Bede says Saint Chad and his companion Egbert travelled together to in Ireland while Finan and Colmán were Bishops at Lindisfarne, which indicates they went to Ireland later than the death of Aidan, in 651. Egbert later recalled that he and Saint Chad “followed the monastic life together very strictly – in prayers, in continence and in meditation on Holy Scripture.”
Saint Chad’s time in Ireland fits into period 651-664, for in 664 he was back in Northumbria to take over from his brother Cedd, who was stricken by the plague.
During this lifetime, there was continuing conflict between Northumbria and Mercia. Penda, the pagan king of Mercia, continually campaigned against Northumbrian rulers, usually with the support of the Christian Welsh princes. In 641, Penda inflicted a crushing defeat on the Northumbrians, killing King Oswald. Northumbria was not fully reunited by Oswald’s successor, Oswiu, until 651. Oswiu then defeated and killed Penda in 655, causing the decline of Mercia for a more than a decade, and allowing the Northumbrian rulers to intervene in Mercian affairs.
Bede does not conceal the fact that Saint Chad departed from Roman practices in vital ways – before and after the Synod of Whitby. But the course of Saint Chad’s life between his time in Ireland and his emergence as a Church leader is unknown, and fresh details emerge again only with Bede’s account of Cedd’s career and the founding of their monastery at Lastingham.
Saint Cedd became a prominent figure in the Church in Northumbria while Saint Chad was in Ireland. In 653, he was sent by Oswiu on a difficult mission to the Middle Angles or Mercia. He was recalled after a year, was sent on a similar mission to the East Saxons, and was consecrated bishop soon after. Later, Saint Cedd became Abbot of Lastingham.
Saint Chad reappears on the Church scene in 664, shortly after the Synod of Whitby (663-664), when many Church leaders had died of the plague. When Cedd died, Saint Chad succeeded him as the Abbot at Lastingham.
When Saint Colmán, Bishop of the Northumbrians, left for Scotland after the Synod of Whitby decided against him, he was succeeded by Tuda, who lived for only a short time after.
Later, Saint Chad was invited to become Bishop of the Northumbrians by King Oswiu. Saint Chad travelled first to Canterbury for his consecration, but found that Archbishop Deusdedit had died and not been replaced. From Canterbury, he then travelled to Wessex, where he was consecrated by Bishop Wini of the West Saxons and two Welsh bishops.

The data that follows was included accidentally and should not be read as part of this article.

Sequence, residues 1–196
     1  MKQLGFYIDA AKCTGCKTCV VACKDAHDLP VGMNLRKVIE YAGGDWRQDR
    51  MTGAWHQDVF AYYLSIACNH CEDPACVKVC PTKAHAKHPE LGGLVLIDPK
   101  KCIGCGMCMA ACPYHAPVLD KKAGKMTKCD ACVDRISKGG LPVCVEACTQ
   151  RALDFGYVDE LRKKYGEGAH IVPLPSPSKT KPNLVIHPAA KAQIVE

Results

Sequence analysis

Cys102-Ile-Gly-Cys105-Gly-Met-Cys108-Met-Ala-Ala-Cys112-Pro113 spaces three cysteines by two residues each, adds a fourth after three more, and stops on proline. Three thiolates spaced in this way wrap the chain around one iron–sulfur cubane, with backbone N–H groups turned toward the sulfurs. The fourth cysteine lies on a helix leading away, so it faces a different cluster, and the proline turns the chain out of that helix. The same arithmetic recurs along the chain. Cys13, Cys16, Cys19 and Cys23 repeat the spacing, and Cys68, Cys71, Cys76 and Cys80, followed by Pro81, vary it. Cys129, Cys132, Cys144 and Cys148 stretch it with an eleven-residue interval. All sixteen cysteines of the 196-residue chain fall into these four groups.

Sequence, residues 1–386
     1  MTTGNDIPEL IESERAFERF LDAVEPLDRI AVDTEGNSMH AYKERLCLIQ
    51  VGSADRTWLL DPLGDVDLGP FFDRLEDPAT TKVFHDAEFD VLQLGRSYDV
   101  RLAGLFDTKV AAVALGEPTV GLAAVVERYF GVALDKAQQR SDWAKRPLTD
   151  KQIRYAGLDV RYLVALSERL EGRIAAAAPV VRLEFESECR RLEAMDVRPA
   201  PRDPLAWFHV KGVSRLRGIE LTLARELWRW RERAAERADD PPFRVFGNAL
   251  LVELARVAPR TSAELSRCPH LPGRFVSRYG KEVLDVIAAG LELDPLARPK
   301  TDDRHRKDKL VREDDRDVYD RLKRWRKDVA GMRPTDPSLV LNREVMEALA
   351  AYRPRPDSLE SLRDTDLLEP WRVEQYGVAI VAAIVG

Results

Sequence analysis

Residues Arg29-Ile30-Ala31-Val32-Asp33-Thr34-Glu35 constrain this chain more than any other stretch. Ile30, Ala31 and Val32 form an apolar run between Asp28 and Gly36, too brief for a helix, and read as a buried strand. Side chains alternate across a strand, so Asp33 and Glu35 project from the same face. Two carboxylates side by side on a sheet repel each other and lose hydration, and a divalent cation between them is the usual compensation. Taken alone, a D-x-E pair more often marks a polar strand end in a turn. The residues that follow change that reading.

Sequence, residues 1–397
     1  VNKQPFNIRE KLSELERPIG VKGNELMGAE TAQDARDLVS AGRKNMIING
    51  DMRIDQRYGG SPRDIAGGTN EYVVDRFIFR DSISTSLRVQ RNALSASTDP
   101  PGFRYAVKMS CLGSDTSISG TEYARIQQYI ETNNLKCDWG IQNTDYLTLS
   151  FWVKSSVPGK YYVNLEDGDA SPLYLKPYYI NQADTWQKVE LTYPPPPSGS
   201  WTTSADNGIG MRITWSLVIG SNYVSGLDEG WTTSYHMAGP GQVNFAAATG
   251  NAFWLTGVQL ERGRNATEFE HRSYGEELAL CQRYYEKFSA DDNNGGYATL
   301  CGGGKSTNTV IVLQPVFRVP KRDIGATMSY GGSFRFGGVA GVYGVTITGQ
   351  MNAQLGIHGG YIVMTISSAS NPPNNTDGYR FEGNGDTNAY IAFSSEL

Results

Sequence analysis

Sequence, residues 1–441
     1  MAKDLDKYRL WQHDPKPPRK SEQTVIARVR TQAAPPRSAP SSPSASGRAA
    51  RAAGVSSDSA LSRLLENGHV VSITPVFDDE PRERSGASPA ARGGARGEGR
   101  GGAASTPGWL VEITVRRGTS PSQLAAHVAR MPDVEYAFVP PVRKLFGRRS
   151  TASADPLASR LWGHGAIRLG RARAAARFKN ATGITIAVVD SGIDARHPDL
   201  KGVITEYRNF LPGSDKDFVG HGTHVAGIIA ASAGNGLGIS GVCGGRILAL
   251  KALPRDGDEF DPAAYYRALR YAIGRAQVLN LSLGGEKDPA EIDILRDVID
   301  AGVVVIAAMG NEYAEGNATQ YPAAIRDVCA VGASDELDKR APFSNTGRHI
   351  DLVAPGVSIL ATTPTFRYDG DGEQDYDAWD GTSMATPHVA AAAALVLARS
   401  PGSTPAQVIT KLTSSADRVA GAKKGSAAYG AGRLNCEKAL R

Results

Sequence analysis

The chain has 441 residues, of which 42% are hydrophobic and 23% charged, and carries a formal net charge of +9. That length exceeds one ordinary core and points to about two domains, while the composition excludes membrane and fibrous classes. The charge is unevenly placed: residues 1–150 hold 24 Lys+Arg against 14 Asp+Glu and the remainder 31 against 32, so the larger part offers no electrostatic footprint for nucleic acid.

Bede tells us that as a bishop, Saint Chad visited continually the towns, countryside, cottages, villages and houses in order to preach the Gospel.
In 666, Bishop Wilfrid returned to his diocese to find he had been replaced as bishop by Saint Chad and asserted his episcopal authority by going into Mercia and as far as Kent to ordain priests.
In 669, a new Archbishop of Canterbury, Theodore of Tarsus, arrived in England. He instructed Chad to step down in favour of Wilfrid. But Theodore was so impressed by Chad’s show of humility that he confirmed his episcopal consecration at the same time. Saint Chad then retired gracefully and resumed his post as Abbot of Lastingham.
Later that same year, King Wulfhere of Mercia, the Christian son of Penda, requested a bishop for Mercia. Archbishop Theodore called Saint Chad out of his retirement in Lastingham.
Archbishop Theodore was greatly impressed by Chad’s humility and holiness, including his refusal to use a horse, walking everywhere instead. However, despite his regard for Saint Chad, Theodore ordered him to ride on long journeys and on one occasion even lifted him into the saddle.
Saint Chad now became the fifth bishop of the Mercians, with a territory centred on the middle Trent and lower Tame – the area around Lichfield, Tamworth, and Repton. Because Wulfhere donated land in Lichfield for Saint Chad to build a monastery, the centre of the Diocese of Mercia became settled on Lichfield. Lichfield was beside the old Roman road of Watling Street, the main route across Mercia, and a short distance from Mercia’s main royal centre in Tamworth. But the Diocese of Mercia was expansive, stretching across England, from coast to coast.
Saint Chad’s monastic house in Lichfield may have been similar to the monastery in Lastingham, and was partly staffed by monks from Lastingham. Indeed, Saint Chad remained Abbot of Lastingham for the rest of his life.
When he became bishop, Saint Chad set out to initiate much missionary and pastoral work in Mercia, and, according to Bede, he governed the diocese “in the manner of the ancient fathers and in great perfection of life.” He built a small house at Lichfield, a short distance from the church, large enough for his eight disciples.